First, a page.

Rob Mancuso gave me a copy of a 1976 Automotive News column my dad did on Rob and his dad, James Mancuso.

Rob back then was 25 years old and running the family Cadillac dealership in suburban Chicago. The article centered on him as a young dealer and on his father as a success veteran of automotive retailing.

The elder Mancuso trained his son well as a next-generation dealer. Young Mancuso's ads back then said, "Before my father taught me to sell cars, he taught me to sweep floors." Accompanying that was a picture of Rob Mancuso holding a broom.

A couple of years ago he wrote a book about the trials and tribulations of young dealership successors. The book is entitled, "Assuming the Position, A Family Business Survival Guide." It offers great advice.

The elder Mancuso, who owned a chain of dealerships, was forward-looking back in 1976. He was quoted in that 24-year-old column as saying, "There have always been ups and downs in the auto business, but people are wedded to cars; they need them to live. So times will change for the better...Meanwhile, sell what people are buying - service, used cars, rentals, parts."

My dad as an auto journalist and Jim Mancuso as a dealer had a friendly relationship. Rob and I have kept that going in our generation.

He sold his dealership interests to AutoNation Inc. a few years ago. He's now senior vice president/eBusiness at Aon Warranty Group. He was on a panel I moderated at an e Auto World conference in San Diego.

Selling cars on the Internet is a hot topic these days. So is selling finance & insurance to a somewhat lesser extent. But Internet warranty selling is fairly new - and hasn't achieved a high profile - yet.

"People know you are out there, but I don't think we cracked the major potential," says Mr. Mancuso. "The warranty business on the web will increase in time. For now, though, no one knows many of the answers. That's what is both fascinating and frustrating at the same time."

Fellow panelist Michael Kammerman, president of Warranty gold.com, markets and sells extended service contracts on the Internet.

He says firms such as his are partners with dealerships. That can be a tough sell to dealers, however.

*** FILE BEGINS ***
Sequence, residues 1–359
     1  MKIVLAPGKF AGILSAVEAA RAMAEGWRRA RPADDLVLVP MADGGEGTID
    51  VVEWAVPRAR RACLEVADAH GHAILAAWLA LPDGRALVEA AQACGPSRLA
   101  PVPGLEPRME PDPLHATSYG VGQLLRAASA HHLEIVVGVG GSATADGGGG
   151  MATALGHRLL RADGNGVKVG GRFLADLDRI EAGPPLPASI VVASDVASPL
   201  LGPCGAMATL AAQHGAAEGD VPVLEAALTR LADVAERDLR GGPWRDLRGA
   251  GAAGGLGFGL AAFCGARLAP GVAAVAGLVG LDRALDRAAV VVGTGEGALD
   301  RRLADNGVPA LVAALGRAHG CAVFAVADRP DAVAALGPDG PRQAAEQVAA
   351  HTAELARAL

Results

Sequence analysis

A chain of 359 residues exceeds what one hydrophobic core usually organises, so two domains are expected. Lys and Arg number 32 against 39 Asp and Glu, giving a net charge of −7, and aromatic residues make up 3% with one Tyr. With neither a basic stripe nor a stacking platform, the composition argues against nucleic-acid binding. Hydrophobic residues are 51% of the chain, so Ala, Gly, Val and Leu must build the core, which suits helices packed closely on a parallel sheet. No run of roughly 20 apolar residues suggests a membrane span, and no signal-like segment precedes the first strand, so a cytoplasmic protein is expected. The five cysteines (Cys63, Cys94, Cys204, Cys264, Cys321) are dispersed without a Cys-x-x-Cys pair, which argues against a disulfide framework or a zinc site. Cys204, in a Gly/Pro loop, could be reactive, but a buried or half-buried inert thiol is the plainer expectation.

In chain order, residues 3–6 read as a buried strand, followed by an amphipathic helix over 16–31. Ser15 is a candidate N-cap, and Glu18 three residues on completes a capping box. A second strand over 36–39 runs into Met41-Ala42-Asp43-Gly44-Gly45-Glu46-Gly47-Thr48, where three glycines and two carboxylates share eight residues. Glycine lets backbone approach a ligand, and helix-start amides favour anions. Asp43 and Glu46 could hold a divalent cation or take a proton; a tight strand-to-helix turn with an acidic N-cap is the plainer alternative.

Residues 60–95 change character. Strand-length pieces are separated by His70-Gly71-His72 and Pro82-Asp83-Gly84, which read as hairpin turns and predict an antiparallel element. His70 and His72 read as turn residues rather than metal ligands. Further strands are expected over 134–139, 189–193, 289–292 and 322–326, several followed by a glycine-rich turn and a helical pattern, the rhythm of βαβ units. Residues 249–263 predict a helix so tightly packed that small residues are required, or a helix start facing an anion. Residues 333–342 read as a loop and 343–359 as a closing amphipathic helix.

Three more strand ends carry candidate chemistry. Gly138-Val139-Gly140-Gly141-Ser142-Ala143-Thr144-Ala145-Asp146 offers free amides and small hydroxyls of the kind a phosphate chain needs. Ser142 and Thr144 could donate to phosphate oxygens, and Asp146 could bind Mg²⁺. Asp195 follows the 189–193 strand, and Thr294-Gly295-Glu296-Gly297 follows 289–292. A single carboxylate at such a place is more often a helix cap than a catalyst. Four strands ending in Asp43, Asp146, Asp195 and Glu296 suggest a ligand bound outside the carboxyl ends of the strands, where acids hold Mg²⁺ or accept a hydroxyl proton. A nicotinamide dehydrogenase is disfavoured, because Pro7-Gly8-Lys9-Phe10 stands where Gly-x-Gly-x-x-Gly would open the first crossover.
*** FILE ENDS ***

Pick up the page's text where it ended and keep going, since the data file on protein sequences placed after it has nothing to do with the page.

"We don't feel we're in competition with dealers," he says. "They do, though."

Mr. Mancuso says Internet warranty firms are less in competition with dealers than with the dealership F&I manager "because they see us as taking potential money out of their pocket."

Yet, he adds, consumers are plugging into e-commerce more and more, and it would be a missed opportunity not to offer extended warranties on the web.

Autobygel?: At that same e Auto World conference, Sean Wolfington, co-founder of Cybercar, a firm which builds dealer web sites, warns that if you register a URL site, make sure also to register assorted spelling variations of your name.

If you don't, someone else might, he says. He cites the following off-beat example:

If on your computer you type in autobytell.com with two ls, rather that the correct autobytel with one l, you end up at an entirely different destination. It's a portal page with various links - none of them to Autobytel.

Those links include Stonage.com, Autoweb.com and AutoVantage - all competitors of Autobytel.

Another link is for a product that abates skin stretch marks. It's called Jimi-Gel.

Point of order: I avoid trading barbs with the competition. But the publisher of a competing magazine crossed the line of sensibility - and accuracy - in his latest diatribe against his competitors.

He recently praised himself in his monthly column for predicting the demise of CarOrder.com, a failed start-up company that had planned to buy dealerships.

He felt self-congratulations were in order because he said he wrote back in March that CarOrder.com was a flawed business model. Meanwhile, he claimed that "journalists, editors and reporters at the other publications were able only to repeat what the PR department at CarOrder spewed out."

Well, there you go again.

For the record, four months before his March prediction, we carried a story noting the problems CarOrder.com faced.

The November, 1999 article quoted an analyst who said CarOrder was "an interesting idea but not well proven."

Another excerpt from that article:

"State franchise laws are a possible impediment to carOrder.com buying dealerships. There's also a question of whether automakers would be willing to give a dealership franchise to an Internet company."

CarOrder's PR boys didn't spew that one out to us.